Construction workers throughout Ohio run risks every day on the job. Perhaps you yourself were unable to avoid a hazard one day and suffered serious injuries as a result. Rather than accepting what the workers’ compensation program has to offer, you may be able to file a personal injury claim. It all depends on whether the employer was negligent.
The importance of a safety culture
Construction employers are expected to create a safety-minded culture in the workplace. They can do this through comprehensive training and regular assessments that point out any hazards that were overlooked. Each year, OSHA sponsors the nationwide Stand-Down to Prevent Falls in Construction, and employers can join in this as well. During a stand-down, all operations cease so that employers and employees can talk about safety.
Focusing on ladder and scaffolding safety
Training should take into account the use and inspection of elevated work platforms like mobile scaffolds and scissor lifts. These should have guardrails, and the workers should be equipped with the appropriate protective gear. When lifting materials up to these platforms, workers should use a rope and pulley system or a block and tackle system.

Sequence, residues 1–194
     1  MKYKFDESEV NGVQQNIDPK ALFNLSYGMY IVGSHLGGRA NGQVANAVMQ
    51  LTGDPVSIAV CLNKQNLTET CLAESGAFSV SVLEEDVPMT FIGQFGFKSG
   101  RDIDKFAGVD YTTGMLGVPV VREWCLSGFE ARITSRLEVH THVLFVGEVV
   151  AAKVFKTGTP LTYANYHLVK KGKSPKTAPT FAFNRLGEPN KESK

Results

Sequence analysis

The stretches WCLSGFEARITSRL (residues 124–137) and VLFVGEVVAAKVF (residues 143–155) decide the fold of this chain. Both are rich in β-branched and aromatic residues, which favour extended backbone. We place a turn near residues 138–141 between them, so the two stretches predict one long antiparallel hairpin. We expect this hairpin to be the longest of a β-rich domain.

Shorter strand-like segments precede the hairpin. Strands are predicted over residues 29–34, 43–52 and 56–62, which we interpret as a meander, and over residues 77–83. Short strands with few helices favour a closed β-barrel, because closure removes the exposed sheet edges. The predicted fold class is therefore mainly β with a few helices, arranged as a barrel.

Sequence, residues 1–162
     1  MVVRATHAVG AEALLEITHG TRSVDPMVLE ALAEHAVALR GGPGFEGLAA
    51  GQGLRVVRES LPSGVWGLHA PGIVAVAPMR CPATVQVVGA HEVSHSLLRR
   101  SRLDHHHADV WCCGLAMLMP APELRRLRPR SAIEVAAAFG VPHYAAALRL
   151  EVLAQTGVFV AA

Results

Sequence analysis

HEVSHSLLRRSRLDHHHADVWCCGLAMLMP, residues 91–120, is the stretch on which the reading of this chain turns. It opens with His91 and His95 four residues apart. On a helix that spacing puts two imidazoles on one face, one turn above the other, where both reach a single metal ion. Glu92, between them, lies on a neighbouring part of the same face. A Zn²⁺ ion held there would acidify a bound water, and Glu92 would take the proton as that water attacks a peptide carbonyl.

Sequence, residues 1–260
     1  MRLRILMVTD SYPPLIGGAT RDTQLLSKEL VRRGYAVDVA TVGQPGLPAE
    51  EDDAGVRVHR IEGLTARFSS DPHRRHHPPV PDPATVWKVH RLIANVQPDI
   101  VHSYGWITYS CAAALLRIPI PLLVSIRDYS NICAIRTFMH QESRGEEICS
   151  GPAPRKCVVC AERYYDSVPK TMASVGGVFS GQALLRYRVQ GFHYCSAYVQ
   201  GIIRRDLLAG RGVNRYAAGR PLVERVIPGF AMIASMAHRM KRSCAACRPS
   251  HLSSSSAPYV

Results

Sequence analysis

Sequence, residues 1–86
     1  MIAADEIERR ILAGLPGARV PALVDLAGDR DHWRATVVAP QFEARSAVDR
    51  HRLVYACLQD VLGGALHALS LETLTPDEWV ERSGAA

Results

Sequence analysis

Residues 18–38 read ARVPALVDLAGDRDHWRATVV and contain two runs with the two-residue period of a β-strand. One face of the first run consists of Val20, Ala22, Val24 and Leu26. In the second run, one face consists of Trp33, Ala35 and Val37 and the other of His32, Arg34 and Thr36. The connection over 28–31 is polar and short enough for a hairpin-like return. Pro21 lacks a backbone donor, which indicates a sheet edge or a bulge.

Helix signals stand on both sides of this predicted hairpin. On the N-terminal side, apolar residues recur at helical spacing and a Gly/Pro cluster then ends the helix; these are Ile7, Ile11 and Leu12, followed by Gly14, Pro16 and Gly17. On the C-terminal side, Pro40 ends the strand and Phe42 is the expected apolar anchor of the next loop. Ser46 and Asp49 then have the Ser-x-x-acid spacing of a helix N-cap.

These elevated work platforms are always preferable to ladders. All too often, employees will choose the wrong ladder for a job, use one that’s damaged or fail to place it on level, firm ground. The standard A-frame stepladder is often associated with on-the-job injuries. If elevated platforms are not possible, employees should opt for a podium-style stepladder.
Having a lawyer evaluate your case
In any event, employers have a special duty to prevent falls because these can lead to workers sustaining multiple injuries and incurring temporary or even permanent disabilities. It also means lost time from work and decreased productivity.
You may receive workers’ compensation benefits, but if you were clearly not to blame for your injuries, a personal injury claim may be better. You may recover more in damages, including lost income and non-economic damages like pain and suffering. A lawyer may be able to assess your case and help you decide what route to take.